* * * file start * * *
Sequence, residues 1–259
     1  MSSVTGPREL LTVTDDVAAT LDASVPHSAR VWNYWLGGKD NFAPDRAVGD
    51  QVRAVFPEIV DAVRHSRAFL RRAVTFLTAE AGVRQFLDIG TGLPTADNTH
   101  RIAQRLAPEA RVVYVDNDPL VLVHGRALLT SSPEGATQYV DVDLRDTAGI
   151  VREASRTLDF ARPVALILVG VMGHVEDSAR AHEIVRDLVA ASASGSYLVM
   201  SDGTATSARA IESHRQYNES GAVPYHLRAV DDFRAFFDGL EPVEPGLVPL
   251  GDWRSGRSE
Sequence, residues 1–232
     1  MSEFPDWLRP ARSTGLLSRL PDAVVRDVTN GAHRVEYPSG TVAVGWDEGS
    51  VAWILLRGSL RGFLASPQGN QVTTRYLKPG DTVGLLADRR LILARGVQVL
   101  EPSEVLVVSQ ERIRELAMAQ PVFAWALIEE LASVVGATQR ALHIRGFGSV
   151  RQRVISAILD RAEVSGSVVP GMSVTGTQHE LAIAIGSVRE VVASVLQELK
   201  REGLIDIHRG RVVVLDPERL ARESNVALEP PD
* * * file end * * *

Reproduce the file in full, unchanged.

Sequence, residues 1–259
     1  MSSVTGPREL LTVTDDVAAT LDASVPHSAR VWNYWLGGKD NFAPDRAVGD
    51  QVRAVFPEIV DAVRHSRAFL RRAVTFLTAE AGVRQFLDIG TGLPTADNTH
   101  RIAQRLAPEA RVVYVDNDPL VLVHGRALLT SSPEGATQYV DVDLRDTAGI
   151  VREASRTLDF ARPVALILVG VMGHVEDSAR AHEIVRDLVA ASASGSYLVM
   201  SDGTATSARA IESHRQYNES GAVPYHLRAV DDFRAFFDGL EPVEPGLVPL
   251  GDWRSGRSE
Sequence, residues 1–232
     1  MSEFPDWLRP ARSTGLLSRL PDAVVRDVTN GAHRVEYPSG TVAVGWDEGS
    51  VAWILLRGSL RGFLASPQGN QVTTRYLKPG DTVGLLADRR LILARGVQVL
   101  EPSEVLVVSQ ERIRELAMAQ PVFAWALIEE LASVVGATQR ALHIRGFGSV
   151  RQRVISAILD RAEVSGSVVP GMSVTGTQHE LAIAIGSVRE VVASVLQELK
   201  REGLIDIHRG RVVVLDPERL ARESNVALEP PD